In health physics neutron radiation is a type of radiation hazard. Another, sometimes more severe hazard of neutron radiation, is neutron activation, the ability of neutron radiation to induce radioactivity in most substances it encounters, including the body tissues. This occurs through the capture of neutrons by atomic nuclei, which are transformed to another nuclide, frequently a radionuclide. This process accounts for much of the radioactive material released by the detonation of a nuclear weapon. It is also a problem in nuclear fission and nuclear fusion installations as it gradually renders the equipment radioactive such that eventually it must be replaced and disposed of as low-level radioactive waste.

Neutron radiation protection relies on radiation shielding. Due to the high kinetic energy of neutrons, this radiation is considered the most severe and dangerous radiation to the whole body when it is exposed to external radiation sources. In comparison to conventional ionizing radiation based on photons or charged particles, neutrons are repeatedly bounced and slowed (absorbed) by light nuclei so hydrogen-rich material is more effective at shielding than iron nuclei. The light atoms serve to slow down the neutrons by elastic scattering so they can then be absorbed by nuclear reactions. However, gamma radiation is often produced in such reactions, so additional shielding must be provided to absorb it. Care must be taken to avoid using nuclei that undergo fission or neutron capture that causes radioactive decay of nuclei, producing gamma rays.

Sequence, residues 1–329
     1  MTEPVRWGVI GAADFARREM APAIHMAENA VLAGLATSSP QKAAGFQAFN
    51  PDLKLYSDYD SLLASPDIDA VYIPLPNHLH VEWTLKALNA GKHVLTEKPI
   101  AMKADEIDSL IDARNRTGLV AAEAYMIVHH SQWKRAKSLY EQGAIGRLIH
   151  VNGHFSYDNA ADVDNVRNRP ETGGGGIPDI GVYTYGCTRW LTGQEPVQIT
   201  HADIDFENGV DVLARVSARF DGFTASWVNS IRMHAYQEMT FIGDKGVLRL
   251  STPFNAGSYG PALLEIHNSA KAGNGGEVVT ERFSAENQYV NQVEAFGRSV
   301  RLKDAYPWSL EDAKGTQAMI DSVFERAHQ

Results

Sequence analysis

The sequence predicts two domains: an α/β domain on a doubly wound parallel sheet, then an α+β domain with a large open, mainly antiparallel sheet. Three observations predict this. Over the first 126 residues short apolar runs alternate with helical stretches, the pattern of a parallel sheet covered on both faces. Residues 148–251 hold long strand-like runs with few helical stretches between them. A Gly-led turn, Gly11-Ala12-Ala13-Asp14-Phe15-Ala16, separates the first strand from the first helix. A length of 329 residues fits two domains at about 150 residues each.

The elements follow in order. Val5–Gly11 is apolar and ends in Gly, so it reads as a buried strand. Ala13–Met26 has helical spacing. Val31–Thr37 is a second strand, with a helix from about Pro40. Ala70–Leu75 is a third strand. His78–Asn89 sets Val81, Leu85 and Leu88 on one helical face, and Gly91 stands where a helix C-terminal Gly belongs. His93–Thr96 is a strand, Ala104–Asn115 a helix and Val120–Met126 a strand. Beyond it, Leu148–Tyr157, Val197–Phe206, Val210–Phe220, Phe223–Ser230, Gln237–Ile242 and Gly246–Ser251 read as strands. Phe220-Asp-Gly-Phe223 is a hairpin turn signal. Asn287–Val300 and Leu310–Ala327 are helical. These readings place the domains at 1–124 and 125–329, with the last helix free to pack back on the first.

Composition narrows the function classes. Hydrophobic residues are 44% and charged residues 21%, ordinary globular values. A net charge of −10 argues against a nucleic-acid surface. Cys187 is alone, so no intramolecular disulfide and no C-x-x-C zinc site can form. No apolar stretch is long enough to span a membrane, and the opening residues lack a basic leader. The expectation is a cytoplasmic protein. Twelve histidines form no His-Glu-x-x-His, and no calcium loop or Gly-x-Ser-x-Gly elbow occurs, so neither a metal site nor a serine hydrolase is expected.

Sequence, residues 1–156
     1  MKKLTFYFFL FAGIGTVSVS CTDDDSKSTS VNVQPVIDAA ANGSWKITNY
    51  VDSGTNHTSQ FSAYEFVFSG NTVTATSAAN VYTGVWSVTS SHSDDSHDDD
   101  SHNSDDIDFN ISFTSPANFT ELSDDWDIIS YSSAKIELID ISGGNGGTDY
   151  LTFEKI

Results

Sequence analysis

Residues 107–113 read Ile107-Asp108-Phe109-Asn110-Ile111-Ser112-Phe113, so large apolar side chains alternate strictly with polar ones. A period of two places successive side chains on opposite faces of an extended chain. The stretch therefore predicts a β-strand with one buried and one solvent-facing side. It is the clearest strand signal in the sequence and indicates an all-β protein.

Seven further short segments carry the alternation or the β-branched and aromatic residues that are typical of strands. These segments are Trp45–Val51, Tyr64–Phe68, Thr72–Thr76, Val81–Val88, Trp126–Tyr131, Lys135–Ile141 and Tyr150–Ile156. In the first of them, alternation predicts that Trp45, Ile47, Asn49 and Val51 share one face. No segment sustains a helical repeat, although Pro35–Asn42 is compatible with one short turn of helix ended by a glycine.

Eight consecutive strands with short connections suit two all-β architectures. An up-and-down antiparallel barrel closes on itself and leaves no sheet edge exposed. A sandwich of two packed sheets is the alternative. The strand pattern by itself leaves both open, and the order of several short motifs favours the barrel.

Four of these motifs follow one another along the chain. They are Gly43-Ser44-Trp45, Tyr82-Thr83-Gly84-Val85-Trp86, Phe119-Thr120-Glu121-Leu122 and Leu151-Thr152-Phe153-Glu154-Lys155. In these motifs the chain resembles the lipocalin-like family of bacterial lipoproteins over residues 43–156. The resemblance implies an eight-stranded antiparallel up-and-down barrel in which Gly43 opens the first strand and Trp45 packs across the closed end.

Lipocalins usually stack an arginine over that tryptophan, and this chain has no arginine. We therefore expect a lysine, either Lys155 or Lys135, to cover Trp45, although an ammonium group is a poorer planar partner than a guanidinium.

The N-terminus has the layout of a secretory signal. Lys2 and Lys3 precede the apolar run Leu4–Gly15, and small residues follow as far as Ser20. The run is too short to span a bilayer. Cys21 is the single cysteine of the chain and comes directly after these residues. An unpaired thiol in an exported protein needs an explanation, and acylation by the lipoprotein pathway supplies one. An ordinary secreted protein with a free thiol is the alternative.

Neutrons readily pass through most material, but interact enough to cause biological damage. The most effective shielding materials are water, or hydrocarbons like polyethylene or paraffin wax. Concrete (where a considerable number of water molecules chemically bind to the cement) and gravel provide a cheap solution due to their combined shielding of both gamma rays and neutrons. Boron is also an excellent neutron absorber (and also undergoes some neutron scattering). Boron decays into carbon or helium and produces virtually no gamma radiation with boron carbide, a shield commonly used where concrete would be cost prohibitive. Commercially, tanks of water or fuel oil, concrete, gravel, and B4C are common shields that surround areas of large amounts of neutron flux, e.g., nuclear reactors. Boron-impregnated silica glass, standard borosilicate glass, high-boron steel, paraffin, and Plexiglas have niche uses.